Sunday, July 24, 2016
Book review - Svetlana Alexievich: Second hand time // Imagine the tragedy of abandoning Communism without knowing how to live with capitalism
Svetlana Alexievich: Second hand time
Reviewed by Timothy Snyder
It is right, but also not quite right, to celebrate the journalist and contemporary historian, Svetlana Alexievich, this year’s laureate of the Nobel Prize in Literature, as a Belarusian writer. The force of her work, the source of its power and plausibility, is the choice of a generation (her own) as a major subject and the close attention to its major inflection point, which was the end of the Soviet Union.
She is connected to Russia and Ukraine as well as Belarus and is a writer of all three nations; the passage from Soviet state to national state was experienced by them all, and her life has been divided among them. Her method is the close interrogation of the past through the collection of individual voices; patient in overcoming cliché, attentive to the unexpected, and restrained in the exposition, her writing reaches those far beyond her own experiences and preoccupations, far beyond her generation, and far beyond the lands of the former Soviet Union. Polish has a nice term for this approach,
literatura faktu, “the literature of fact.” Her central attainment, the recovery of experience from myth, has made her an acute critic of the nostalgic dictatorships in Belarus and Russia.
To say that Alexievich was born in Soviet Ukraine in 1948 is already to indulge in the kind of simplification she has sought to expose from the beginning. Her home city, Stanislaviv, was in a region known as Galicia, which had been part of Poland from the fourteenth century, part of the Habsburg monarchy in the nineteenth, and part of the Second Polish Republic in the 1920s and 1930s. It fell under Soviet rule in 1939 when the Soviet Union invaded Poland following the Molotov-Ribbentrop Pact, and then under German power in 1941 when Hitler betrayed Stalin and invaded the Soviet Union. Jews were the largest population in Stanislaviv before the war; almost every single one was murdered in the Holocaust. Many of the city’s Poles and Ukrainians were killed or deported by either the Germans or the Soviets during the war, and others were drafted into service in the Red Army and died in combat. The Stanislaviv where Alexievich spent the first few years of her life was thus a new Soviet city, both in its administration and its population.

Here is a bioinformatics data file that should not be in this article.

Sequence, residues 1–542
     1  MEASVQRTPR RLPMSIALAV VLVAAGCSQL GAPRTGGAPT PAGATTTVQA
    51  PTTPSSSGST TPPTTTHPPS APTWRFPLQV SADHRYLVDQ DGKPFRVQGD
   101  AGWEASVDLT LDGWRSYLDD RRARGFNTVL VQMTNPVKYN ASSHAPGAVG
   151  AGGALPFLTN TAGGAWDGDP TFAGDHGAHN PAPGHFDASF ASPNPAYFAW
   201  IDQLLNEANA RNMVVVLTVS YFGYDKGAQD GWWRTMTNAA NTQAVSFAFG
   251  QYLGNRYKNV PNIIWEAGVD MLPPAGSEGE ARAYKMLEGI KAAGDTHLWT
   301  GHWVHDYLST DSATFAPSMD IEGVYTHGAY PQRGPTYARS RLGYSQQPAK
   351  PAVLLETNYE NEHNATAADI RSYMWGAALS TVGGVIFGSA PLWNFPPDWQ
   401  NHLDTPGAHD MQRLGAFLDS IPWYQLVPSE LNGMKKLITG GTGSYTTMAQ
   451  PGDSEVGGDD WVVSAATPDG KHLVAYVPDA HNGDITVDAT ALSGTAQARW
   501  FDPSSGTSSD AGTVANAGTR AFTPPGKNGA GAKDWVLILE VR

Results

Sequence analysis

Perhaps it mattered that essentially everything about the city of her birth was a suppression but also an invocation of an unremembered past, and that her family was involved on both sides in disputes that could never be fully articulated. Her Belarusian father had fought against Ukrainian nationalists who were trying to win Galicia for an independent Ukraine. Her Ukrainian maternal grandmother told her about what Ukrainians call the “Holodomor,” Stalin’s political famine, which had killed more than three million people in Soviet Ukraine in 1932 and 1933. That was crucial knowledge, because the collectivization of agriculture, whose purported success was a central myth of Soviet history, was one of the causes of the famine. Ukrainians were blamed for the misery and subjected to harsh requisitions and reprisals that channeled starvation on to their territory, whereas Soviet citizens as a whole were told that collectivization was a grand success hindered only by nationalists and saboteurs.
It was collectivization, along with World War II (known as the “Great Fatherland War”), that created the Soviet Union that people of Alexievich’s generation experienced. Both were calamities that were covered in beautiful myths, myths that worked in part because people wanted individual suffering and death to have meaning. Collectivization was said, in retrospect, to have been necessary for victory in war, and victory in war was taken to demonstrate the legitimacy of the system as such.